# How many ways to put 100 distinguishable particles into 6 boxes?

1. Oct 16, 2013

### bkraabel

1. The problem statement, all variables and given/known data
An adsorbing filter allows gas particles to stick to locations
on the filter surface. Once a particle sticks to a location, that
location is filled. The filter can no longer remove gas particles
when all locations are filled. Each 1.0 nm 2 of the filter surface
particle. In the volume just adjacent to one 1.0 nm 2 area, there
are 100 gas particles. Each of these particles has a slightly dif-
ferent energy, making each particle unique. In how many ways
can these 100 particles adsorb onto the six locations?

2. Relevant equations

3. The attempt at a solution
Consider first 6 particles. You can put the first particle in one of 6 boxes, the second particle in one of 5 remaining boxes, etc., which gives 6! ways to put 6 particles into 6 boxes.

Consider 7 particles. The excluded particle can be thought of as being in the "excluded" box, so you get 7! ways to put 7 distinguishable particles into 6 boxes.

Consider 8 particles. You still have 6! ways to put 6 particles in the 6 boxes. Multiply this by the number of ways can you can put 2 particles out of 8 into the "excluded" box. This latter number is 8 X 7, so the total number of ways to put 8 distinguishable particles into 6 boxes is
6! X 7 X 8 = 8!.

For 9 particles, I think you can have 7 X 8 X 9 ways to put 3 distinguishable particles out of 9 into the "excluded" box, so the total number of ways to put 9 distinguishable particles into 6 boxes is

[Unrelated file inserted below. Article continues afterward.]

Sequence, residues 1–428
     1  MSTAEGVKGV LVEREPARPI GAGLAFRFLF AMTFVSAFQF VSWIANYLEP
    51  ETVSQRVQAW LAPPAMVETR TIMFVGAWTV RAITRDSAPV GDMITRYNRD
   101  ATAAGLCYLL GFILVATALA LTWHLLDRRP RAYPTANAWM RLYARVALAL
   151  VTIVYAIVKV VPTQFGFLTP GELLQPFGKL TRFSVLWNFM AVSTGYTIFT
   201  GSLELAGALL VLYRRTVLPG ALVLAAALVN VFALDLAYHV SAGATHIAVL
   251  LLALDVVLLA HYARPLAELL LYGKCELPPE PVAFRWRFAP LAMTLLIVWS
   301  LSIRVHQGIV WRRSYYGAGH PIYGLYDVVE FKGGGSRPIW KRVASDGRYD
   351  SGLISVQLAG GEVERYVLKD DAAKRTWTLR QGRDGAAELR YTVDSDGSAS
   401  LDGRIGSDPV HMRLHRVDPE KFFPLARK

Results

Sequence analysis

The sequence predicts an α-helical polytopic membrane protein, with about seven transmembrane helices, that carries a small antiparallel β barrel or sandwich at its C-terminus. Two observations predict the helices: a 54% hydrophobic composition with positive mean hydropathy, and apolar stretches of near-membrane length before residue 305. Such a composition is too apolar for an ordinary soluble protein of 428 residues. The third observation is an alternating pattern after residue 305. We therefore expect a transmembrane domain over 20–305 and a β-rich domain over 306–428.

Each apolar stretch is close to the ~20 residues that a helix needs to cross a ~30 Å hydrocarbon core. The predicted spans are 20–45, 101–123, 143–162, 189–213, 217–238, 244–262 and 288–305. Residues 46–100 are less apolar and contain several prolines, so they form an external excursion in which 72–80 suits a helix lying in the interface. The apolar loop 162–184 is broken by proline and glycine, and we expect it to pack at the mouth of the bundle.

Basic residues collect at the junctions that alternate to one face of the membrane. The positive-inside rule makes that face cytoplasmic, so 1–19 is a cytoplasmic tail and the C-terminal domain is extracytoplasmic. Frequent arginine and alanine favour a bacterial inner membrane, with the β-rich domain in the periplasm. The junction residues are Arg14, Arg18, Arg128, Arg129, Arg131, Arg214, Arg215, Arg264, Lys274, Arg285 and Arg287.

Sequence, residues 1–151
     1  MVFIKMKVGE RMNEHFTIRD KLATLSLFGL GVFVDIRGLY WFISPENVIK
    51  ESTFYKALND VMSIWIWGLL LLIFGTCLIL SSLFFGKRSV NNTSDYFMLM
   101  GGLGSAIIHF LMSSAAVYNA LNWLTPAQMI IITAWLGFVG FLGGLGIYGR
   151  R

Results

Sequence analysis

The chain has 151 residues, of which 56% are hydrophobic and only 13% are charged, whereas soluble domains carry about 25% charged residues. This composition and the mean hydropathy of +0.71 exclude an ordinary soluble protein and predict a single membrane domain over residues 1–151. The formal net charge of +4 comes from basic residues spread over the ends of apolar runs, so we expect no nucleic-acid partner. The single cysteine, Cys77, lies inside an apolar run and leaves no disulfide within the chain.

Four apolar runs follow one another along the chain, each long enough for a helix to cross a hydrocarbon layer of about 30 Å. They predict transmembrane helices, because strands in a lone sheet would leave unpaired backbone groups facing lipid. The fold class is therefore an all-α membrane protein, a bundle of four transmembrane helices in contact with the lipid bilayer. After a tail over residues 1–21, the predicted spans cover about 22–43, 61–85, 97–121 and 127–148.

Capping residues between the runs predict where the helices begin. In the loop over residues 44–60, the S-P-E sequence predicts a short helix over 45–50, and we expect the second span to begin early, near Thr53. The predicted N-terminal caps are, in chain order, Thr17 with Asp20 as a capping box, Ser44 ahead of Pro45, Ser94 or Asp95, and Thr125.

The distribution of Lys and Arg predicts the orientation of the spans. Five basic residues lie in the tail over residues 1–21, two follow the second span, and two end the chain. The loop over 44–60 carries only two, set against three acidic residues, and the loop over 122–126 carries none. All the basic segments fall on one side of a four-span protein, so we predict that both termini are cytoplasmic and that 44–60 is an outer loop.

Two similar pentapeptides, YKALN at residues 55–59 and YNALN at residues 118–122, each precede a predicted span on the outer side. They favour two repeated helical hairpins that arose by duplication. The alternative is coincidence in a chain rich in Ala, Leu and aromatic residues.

6! X 7 X 8 X9 = 9!

Following this logic, the total number of ways to put 100 distinguishable particles into 6 boxes is 100!.

Is this correct? Or am I missing something?
thanks

2. Oct 16, 2013

### Staff: Mentor

The problem statement says that each box can accommodate only one particle. This problem requires you to find the number of combinations of 100 items taken 6 at a time.

3. Oct 16, 2013

### Bryson

Not to sound redundant, but the key word here is: combinations

4. Oct 17, 2013

### bkraabel

So if I get your drift, then the number of 6-element subsets (where the order of the 6 elements doesn't matter) in a set of 100 distinguishable elements would be 100 choose 6, which is 1.2 X 10^9. Is that the idea?
thanks

5. Oct 17, 2013

### Staff: Mentor

I have a different on the question. For me, the use of "how many ways" implies that it matters which particle is where on the filter.

6. Oct 17, 2013

### Staff: Mentor

Yes. This is the correct answer.

7. Oct 17, 2013

### Staff: Mentor

As I said above, I disagree. I don't think this is what the problem is asking.